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Thursday, December 31, 2009

Chapter 10. Are We Not Men?

by Bob Andelman
"I recall a game, the Jets against Miami. The field was wet and awful. I remember being home by myself and hyperventilating over that game. The room was spinning; I wasn't drinking. I remember A.J. Duhe deflecting a Richard Todd pass and running it in for a touchdown. I was screaming and pacing. Pretty embarrassing. I was glad nobody else was there."
Jim Luttrell
Newspaper editor
Louisville, Kentucky

Competition makes men clever, cunning and devious. It makes us mean. And sometimes it makes us pretty funny, too.

Before the Miami Dolphins moved to Joe Robbie Stadium, South Florida resident Joe DiRaffaele took the following sign to a game at the Orange Bowl:

Go Dolphins!
(And Take the Cubans with You!)

"I used to be kind of wild," he says, laughing. "I think about it now -- it was a terrible sign to bring. But, yeah, I did that. Today I would take a sign that said, 'Go Dolphins and Take the Heat with You!' "
Two cheerleaders for the Miami Dolphins footba...Image via Wikipedia
(That recalls another Miami joke, one that circulated after the region was awarded an NHL expansion franchise in late 1992. Pundits suggested the team be named the "Humidity," as in: "If you thought the Heat was bad, wait till you see the Humidity!")

DiRaffaele is relentless as a competitor, especially when it comes to hating the Dolphins. "Don Shula cheats!" he swears. "I think it's a conflict that he gets to be on the scheduling committee and the referee committee. When he plays a cold-weather team, it's a team that plays indoors!"

As for his Jets, DiRaffaele is a true believer. "To me, it's not over till the Jets are mathematically eliminated. There's always hope. Every Sunday, there's hope."

That's the fun side of competition. The serious side is another part of what draws men to football. We get great satisfaction out of putting our best 11 guys against your best 11 guys and scraping and brawling until the best team wins (or more guys from one team than the other are left standing).

Men are, by nature, competitive. Women are not, according to Dr. William J. Beausay.

"Now that doesn't mean that a female here and there cannot be taught to be competitive, because they can," he hastens to add. "Look at female tennis players. Obviously they are competitive. But even there, they lack the fire men have. If you compare feminine sexuality to male sexuality you'll discover that the female in our species is the life-bearer and men don't know anything about that at all. We are out in the woods, hunting and competing for food and the female is at home having babies. I know the women don't like to believe that is where they are happiest, but they are, whether they like it or not. I know there is a heavy emphasis in America on women's liberation but they are not as liberated as they would like to believe. The most liberated female is the one who does not fight her anatomy but who goes along with it. This does not mean she is not into athletics or sports; she can be but, by nature, she does not have the fire and the highly motivated competitive spirit that men do. All you have to do is watch them. They just lack it. They don't have what men do. I'm not saying that is good. I'm not sure it's good for men; probably we pay a price for that. We are men and we compete with one another. We have been doing it for a million years. We compete for available food and for the best women and we compete in football games."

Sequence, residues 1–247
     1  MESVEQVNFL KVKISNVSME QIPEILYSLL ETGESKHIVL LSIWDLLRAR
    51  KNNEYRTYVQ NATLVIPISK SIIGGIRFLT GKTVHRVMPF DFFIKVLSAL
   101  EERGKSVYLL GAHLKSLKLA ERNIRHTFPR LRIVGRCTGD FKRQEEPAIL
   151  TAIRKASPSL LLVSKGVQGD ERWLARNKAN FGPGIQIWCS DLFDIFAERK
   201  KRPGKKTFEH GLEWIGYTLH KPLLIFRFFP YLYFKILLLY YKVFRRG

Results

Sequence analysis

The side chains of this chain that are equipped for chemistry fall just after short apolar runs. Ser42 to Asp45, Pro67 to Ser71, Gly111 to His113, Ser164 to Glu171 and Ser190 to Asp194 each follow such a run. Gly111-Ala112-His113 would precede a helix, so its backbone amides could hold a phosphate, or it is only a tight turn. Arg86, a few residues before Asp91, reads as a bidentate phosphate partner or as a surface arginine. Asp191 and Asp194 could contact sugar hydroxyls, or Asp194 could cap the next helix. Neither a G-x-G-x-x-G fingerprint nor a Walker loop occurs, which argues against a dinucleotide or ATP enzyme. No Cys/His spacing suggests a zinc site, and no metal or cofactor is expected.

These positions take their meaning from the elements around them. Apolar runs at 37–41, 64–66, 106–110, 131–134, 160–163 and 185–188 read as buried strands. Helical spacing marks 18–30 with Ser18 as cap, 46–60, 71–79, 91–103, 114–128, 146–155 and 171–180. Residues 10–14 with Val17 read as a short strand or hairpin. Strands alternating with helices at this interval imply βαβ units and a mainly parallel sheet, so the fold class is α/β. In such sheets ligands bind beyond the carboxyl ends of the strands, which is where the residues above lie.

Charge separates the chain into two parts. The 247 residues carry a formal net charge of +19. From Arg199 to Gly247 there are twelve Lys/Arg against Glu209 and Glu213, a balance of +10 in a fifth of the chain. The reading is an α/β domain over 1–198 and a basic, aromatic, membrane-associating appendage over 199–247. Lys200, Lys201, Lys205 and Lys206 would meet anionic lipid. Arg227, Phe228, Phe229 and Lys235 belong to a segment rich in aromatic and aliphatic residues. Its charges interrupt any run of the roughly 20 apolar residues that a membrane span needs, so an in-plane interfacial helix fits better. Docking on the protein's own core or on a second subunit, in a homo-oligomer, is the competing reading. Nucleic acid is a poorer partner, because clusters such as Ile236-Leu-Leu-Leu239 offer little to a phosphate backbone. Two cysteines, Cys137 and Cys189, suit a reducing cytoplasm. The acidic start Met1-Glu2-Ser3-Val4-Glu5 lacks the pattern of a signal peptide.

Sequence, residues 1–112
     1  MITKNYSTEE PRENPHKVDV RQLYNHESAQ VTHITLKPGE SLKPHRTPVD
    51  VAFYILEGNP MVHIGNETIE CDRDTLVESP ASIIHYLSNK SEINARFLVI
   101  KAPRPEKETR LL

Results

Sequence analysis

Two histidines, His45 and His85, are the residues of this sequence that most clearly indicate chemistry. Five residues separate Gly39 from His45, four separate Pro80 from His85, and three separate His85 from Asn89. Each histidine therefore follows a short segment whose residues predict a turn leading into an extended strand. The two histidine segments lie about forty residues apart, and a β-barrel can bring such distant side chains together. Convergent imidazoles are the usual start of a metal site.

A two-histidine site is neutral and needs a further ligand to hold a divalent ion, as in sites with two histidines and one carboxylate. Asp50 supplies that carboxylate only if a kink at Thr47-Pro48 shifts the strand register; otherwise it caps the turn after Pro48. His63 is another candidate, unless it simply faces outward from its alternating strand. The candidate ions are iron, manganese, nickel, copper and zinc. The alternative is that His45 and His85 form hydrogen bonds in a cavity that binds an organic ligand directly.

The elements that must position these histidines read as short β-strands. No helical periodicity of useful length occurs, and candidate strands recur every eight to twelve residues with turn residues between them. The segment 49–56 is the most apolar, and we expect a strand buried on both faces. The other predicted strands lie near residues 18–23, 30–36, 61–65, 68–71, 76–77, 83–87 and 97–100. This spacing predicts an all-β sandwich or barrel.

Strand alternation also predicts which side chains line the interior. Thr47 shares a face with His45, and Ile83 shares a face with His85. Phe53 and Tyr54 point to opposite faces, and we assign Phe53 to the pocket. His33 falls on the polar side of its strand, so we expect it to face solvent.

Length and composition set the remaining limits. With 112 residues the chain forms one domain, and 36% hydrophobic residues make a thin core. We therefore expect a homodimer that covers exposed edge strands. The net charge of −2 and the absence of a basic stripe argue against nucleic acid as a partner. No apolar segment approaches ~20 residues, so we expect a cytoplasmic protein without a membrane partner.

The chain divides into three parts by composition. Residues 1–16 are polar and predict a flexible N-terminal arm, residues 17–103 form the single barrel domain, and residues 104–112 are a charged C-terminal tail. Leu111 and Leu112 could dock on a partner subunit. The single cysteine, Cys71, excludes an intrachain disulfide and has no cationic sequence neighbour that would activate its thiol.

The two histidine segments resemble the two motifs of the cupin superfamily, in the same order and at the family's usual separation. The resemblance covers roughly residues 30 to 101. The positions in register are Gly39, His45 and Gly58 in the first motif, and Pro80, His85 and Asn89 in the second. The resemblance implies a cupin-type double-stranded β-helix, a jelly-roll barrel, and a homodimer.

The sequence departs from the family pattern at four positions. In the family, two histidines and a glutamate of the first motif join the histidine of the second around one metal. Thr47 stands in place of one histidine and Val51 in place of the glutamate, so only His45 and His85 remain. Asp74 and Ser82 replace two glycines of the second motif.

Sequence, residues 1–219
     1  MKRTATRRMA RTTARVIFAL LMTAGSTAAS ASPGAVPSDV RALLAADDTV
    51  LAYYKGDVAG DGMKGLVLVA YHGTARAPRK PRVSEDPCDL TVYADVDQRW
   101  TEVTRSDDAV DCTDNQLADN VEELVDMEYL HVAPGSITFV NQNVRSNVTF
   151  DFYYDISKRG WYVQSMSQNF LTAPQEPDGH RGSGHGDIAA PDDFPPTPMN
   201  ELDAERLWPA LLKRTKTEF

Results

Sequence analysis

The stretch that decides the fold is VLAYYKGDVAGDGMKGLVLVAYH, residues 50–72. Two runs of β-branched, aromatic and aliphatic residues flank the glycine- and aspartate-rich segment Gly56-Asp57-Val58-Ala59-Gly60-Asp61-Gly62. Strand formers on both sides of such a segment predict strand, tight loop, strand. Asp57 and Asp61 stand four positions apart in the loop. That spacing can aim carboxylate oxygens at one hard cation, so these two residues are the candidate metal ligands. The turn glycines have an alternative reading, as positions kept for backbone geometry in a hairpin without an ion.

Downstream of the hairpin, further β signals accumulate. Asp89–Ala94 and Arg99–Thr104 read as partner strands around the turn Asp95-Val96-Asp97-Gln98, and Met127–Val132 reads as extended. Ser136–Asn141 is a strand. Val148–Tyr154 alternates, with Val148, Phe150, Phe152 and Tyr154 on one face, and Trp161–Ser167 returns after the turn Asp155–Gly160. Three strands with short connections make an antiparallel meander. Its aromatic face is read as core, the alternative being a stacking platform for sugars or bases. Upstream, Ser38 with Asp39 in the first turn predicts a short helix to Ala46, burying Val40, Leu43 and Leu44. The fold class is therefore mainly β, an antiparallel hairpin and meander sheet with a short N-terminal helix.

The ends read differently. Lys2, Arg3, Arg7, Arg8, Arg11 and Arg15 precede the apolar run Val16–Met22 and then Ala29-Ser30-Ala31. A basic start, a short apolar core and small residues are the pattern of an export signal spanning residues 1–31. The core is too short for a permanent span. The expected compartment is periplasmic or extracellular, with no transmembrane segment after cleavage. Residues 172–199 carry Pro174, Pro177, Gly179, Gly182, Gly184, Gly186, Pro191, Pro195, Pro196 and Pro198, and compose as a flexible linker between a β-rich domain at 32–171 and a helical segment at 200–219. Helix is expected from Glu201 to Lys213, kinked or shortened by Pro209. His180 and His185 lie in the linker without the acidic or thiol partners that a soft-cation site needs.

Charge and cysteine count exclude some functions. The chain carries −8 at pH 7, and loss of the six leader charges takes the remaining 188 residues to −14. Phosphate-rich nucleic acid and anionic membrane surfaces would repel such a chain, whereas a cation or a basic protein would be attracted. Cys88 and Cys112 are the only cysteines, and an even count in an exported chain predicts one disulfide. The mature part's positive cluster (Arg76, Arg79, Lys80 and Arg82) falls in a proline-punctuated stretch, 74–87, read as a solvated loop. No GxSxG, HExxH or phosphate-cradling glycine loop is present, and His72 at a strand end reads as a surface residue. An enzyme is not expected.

Beausay says that when he looks at sports, he can easily see a million years of compressed male evolution represented.

"For example," he says, "the quarterback and his offensive team are a perfect model of a lion and his pride. There are about 50 points of connection between the dominant male lion and the pride and the quarterback and a football team. You can see the genetic drives from way, way back are playing a role in competitive sports. One of the things you learn when you study animals is that the territorial instinct is a heavy one. When you get into football and basketball, that territorial drive is very important. Keep the enemy out of your territory. Years ago, it was keep them away from your females. In sports today, it's keep the aggressor out of your end of the football field."

The onset of civilization frustrated the genetic drive in all men to hunt and feed. Men still hunt, but it's primarily symbolic. We still stake out our own little territory but we do it down at City Hall and we don't have to defend our caves as we used to. So football, among other sports, provides an outlet for this primal need.

A short course, then, on man's evolution: Hunter . . . Player . . . Spectator.

Men have a territorial instinct and drive for supremacy. There is always a dominant male who plays to win and be No.1. It's there with the animals and it's there with us.

But we can't give in to that instinct as we live in planned developments with 6-foot fences, fire hydrants and utility poles between every wired-for-cable cave. So we pay $25 and go to a football game to experience the modern equivalent of the hunt and kill simply by identifying with the players on the football field.

"Men have a tremendous advantage from a competitive standpoint because we know how to compete," Dan Jiggetts says. "We've been allowed to do it for years."

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